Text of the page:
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Study questions US strategy against al-Qaida

Old 07-29-08, 07:02 AM
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Study questions US strategy against al-Qaida

Yahoo News Story

By BARRY SCHWEID, AP Diplomatic Writer Tue Jul 29, 12:32 AM ET

WASHINGTON - The United States can defeat al-Qaida if it relies less on force and more on policing and intelligence to root out the terror group's leaders, a new study contends.

"Keep in mind that terrorist groups are not eradicated overnight," said the study by the federally funded Rand research center, an organization that counsels the Pentagon.

Its report said that the use of military force by the United States or other countries should be reserved for quelling large, well-armed and well-organized insurgencies, and that American officials should stop using the term "war on terror" and replace it with "counterterrorism."

"Terrorists should be perceived and described as criminals, not holy warriors, and our analysis suggests there is no battlefield solution to terrorism," said Seth Jones, the lead author of the study and a Rand political scientist.[b/]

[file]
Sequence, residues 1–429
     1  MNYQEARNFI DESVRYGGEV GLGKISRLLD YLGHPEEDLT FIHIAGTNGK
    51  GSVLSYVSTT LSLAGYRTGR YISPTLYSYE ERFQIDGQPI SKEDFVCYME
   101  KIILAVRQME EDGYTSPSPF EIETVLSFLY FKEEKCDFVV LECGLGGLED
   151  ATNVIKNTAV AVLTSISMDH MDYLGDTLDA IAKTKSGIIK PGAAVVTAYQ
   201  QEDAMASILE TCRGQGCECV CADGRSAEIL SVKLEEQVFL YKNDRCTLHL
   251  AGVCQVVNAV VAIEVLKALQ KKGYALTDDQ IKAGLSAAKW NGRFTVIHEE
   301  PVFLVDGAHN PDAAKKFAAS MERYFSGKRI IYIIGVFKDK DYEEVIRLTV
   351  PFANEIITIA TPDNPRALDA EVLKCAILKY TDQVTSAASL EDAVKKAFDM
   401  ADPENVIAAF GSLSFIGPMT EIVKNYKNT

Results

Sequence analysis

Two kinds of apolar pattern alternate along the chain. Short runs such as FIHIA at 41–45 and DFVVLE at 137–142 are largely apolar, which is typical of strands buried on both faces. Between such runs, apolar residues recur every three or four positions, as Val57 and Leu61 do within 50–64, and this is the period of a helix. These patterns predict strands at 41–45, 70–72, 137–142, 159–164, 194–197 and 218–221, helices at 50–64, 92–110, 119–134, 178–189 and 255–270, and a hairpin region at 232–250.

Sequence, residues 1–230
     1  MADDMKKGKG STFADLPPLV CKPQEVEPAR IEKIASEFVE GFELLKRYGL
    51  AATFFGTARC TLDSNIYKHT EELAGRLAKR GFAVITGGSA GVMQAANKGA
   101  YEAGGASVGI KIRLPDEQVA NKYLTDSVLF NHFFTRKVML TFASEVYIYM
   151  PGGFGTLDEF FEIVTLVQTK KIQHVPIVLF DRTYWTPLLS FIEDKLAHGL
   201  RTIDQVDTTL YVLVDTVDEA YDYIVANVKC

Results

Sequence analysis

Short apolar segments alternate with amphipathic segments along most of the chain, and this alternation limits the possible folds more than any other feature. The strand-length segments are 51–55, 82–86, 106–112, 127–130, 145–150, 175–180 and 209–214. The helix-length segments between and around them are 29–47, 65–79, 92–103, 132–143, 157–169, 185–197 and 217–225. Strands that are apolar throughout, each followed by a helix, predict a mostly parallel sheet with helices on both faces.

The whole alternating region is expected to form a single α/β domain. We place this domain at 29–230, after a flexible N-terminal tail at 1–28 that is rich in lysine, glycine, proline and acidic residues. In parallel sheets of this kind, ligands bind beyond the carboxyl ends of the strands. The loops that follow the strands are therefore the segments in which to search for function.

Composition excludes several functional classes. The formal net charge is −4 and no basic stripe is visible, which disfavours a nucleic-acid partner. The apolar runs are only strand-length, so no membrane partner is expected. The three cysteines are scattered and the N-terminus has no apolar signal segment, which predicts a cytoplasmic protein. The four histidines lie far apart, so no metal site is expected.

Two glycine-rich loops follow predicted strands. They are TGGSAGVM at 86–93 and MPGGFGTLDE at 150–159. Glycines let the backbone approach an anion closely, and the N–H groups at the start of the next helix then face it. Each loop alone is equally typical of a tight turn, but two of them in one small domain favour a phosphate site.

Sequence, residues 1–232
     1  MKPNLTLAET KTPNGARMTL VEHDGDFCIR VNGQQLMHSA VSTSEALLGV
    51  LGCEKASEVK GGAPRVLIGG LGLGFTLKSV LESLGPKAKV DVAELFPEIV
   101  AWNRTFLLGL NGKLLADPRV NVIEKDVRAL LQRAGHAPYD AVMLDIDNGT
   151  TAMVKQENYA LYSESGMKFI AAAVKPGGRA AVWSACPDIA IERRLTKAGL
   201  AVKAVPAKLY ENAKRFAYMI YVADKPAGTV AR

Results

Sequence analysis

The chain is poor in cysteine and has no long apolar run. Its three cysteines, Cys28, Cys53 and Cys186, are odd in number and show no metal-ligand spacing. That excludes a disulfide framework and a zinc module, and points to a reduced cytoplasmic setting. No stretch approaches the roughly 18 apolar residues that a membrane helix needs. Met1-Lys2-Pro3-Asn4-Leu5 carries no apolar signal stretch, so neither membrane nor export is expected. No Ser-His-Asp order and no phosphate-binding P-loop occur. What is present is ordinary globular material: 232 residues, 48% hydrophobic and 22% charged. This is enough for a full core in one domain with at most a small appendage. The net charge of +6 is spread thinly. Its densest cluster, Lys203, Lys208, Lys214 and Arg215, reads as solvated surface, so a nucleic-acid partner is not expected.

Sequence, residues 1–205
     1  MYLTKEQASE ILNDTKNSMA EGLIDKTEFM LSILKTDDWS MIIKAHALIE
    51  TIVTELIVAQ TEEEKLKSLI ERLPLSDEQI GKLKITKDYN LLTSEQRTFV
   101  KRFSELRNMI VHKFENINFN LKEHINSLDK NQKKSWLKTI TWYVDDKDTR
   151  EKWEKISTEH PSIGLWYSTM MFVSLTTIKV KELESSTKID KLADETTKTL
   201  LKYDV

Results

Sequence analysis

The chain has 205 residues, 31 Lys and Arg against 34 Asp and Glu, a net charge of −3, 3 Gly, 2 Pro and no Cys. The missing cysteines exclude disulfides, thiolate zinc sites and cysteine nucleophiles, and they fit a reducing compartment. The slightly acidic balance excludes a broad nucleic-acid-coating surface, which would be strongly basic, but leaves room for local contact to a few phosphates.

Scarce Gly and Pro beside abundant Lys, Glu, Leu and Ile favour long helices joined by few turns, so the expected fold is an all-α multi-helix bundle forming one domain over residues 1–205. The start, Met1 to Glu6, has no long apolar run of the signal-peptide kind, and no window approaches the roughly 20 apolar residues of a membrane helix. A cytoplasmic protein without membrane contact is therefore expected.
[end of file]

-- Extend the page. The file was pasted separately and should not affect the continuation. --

"The United States has the necessary instruments to defeat al-Qaida, it just needs to shift its strategy," Jones said.

Nearly every ally, including Britain and Australia, has stopped using "war on terror" to describe strategy against the group headed by Osama bin Laden and considered responsible for the Sept. 11, 2001 suicide attacks at the World Trade Center in New York and the Pentagon.

Based on an analysis of 648 terrorist groups that existed between 1968 and 2006, the report concluded that a transition to the political process is the most common way such groups end. But the process, found in 43 percent cases examined, is unlikely with al-Qaida, which has a broad, sweeping agenda, the report said.

The second most common way that terrorist groups end, seen in about 40 percent of the cases, is through police and intelligence services apprehending or killing key leaders, Jones said. Police are particularly effective because their permanent presence in cities helps them gather information, he said.

By contrast, the report said, military force was effective in only 7 percent of the cases.

Jones, in an interview, said, "Even where we found some success against al-Qaida, in Pakistan and Iraq, the military played a background or surrogate role. The bulk of the action was taken by intelligence, police and, in some cases, local forces."

"We are not saying the military should not play a role," he said. "But unless you are talking about large insurgencies, military force should not be the tip of the spear."


Among the report's conclusions:

_Religious terrorist groups take longer to eliminate than other groups but none has achieved victory in the 38 years covered by the study.

_Terrorist groups from upper-income countries are more likely to be left-wing or nationalist, and much less likely to be motivated by religion.

_Large groups of more than 10,000 have been victorious more than 25 percent of the time, while victory is rare for groups with 1,000 or fewer members.